All the beginner coaching courses in the world do not help or support juniors to bridge that huge gap between beginner coaching and actually getting onto the course with other golfers to play a few holes.
So many of them have the generic ‘free’ coaching on offer in the summer holidays (!) so the club can point to its junior development strategy with pride, but never actually transition to the next stage of membership.
4. I’m an adult, let me dress myself
An insistence on various clothing etiquette rules that appear to have changed little for centuries. You must have a collar on your shirt.
(I could never understand this. Does the presence of this collar help one hit the ball better?)
If you are male you must have white socks with your tailored shorts in summer months, but female players can have any colour socks? And females may have their shirts loosely outside their trousers to preserve their female dignity but men must have them tucked in?
The professional game for ladies is changing in terms of dress codes but it seems this does not extend to club level. So, we all continue to collude and look stupid together and perpetuate the myth that to dress in this way represents some sort of gold standard and you actually know how to behave on the course with impeccable etiquette.
Some of the biggest idiots I have ever met on the golf course were in immaculate golfing attire. The dress rules are not confined to the course; they continue inside the clubhouse where the gentlemen swelter in 80 degrees until Mr Captain announces they may remove their jackets.
Again, ladies are not required to comply with this convention, probably because when the tradition was first conceived, no-one imagined ladies could possibly be in the clubhouse anyway.
5. We do have other things to do, you know?
The time taken for your round is a big inhibitor. Various rules and traditional etiquettes of the game slow the game down to snail’s pace and ensure your round lasts for ever, which is completely unreasonable given the pressures on everyone’s time nowadays.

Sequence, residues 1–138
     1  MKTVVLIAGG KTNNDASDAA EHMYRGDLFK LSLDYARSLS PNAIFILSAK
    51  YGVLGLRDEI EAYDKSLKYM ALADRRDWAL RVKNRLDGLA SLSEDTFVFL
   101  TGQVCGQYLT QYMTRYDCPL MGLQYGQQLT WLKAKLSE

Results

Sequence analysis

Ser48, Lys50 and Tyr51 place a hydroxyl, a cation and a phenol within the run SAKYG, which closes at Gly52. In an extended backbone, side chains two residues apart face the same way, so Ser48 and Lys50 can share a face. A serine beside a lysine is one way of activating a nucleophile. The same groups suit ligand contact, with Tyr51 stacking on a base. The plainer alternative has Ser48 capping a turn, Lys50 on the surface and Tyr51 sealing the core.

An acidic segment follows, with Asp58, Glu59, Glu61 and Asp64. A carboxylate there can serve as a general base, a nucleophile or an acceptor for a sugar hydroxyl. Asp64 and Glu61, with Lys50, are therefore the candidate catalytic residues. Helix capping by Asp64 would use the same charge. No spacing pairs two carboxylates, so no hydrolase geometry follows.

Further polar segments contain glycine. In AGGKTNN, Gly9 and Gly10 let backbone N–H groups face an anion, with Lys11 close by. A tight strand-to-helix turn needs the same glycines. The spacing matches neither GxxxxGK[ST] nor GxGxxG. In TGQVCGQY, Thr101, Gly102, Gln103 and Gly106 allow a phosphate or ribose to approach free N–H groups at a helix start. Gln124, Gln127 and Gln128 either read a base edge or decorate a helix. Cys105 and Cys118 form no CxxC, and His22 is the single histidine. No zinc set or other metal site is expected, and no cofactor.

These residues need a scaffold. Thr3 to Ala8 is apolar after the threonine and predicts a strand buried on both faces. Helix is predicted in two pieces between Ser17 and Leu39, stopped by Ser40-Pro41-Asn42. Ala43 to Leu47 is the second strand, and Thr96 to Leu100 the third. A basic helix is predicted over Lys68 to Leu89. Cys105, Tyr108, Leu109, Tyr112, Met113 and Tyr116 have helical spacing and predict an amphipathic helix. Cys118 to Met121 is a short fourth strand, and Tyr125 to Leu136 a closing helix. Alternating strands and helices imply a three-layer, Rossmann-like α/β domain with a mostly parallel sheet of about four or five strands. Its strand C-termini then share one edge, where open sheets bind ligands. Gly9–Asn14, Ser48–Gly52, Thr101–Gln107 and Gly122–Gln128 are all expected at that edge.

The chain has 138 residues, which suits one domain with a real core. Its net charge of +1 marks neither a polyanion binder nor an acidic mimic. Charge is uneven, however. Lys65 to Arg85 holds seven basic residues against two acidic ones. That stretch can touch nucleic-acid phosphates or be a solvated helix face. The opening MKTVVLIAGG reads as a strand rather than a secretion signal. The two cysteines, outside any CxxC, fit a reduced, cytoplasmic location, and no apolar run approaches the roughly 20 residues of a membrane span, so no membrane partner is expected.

You must hit strictly in turn according to the distance of your ball to the pin, regardless of whether you are actually ready to play or the location of your trolley and clubs; you take umpteen practice swings and weigh up your putts from every conceivable angle; you amble around the course, apparently searching for stray balls forever, even pausing at the ponds to see if you might be able to retrieve some that are not actually yours, without ever calling others through who are waiting patiently behind.
An insistence by many clubs, despite the new GolfSixes game being introduced to jazz up the sport at a professional level, that it’s not a ‘proper golf game’ unless it is waged over a full 18 holes, and a separatist attitude and general reluctance against having mixed, family or even general 9-hole ‘fun’ competitions that all might participate in.
Evidently, golf cannot just be ‘fun’ – it is clearly against the rules.
6. This is your final warning
The atmosphere in some club houses is often off-putting to say the least. In some clubs, you may not enter without a collar and tie! Quiet and restrained is the order of the day otherwise you might attract unwelcome attention, while unseemly behaviour is worthy of chastisement from Mr Captain or Mr President (you will know this person as his photo is often found above the bar) or, at worst, a letter from the committee requesting you to display more appropriate behaviour and to please take this as an official warning or next time you may be asked to appear in front of the committee to explain yourself.
And we wonder why people are not staying with golf? Golf club management teams and golf club members, let’s have a serious reality check please and take a long, hard, 360-degree look at all of the issues: the ethos, the atmosphere, the rules, the endless, inexplicable traditions that cannot be tampered with and let’s try much harder to move with the times.
Otherwise we may as well all dig out our cycling gear.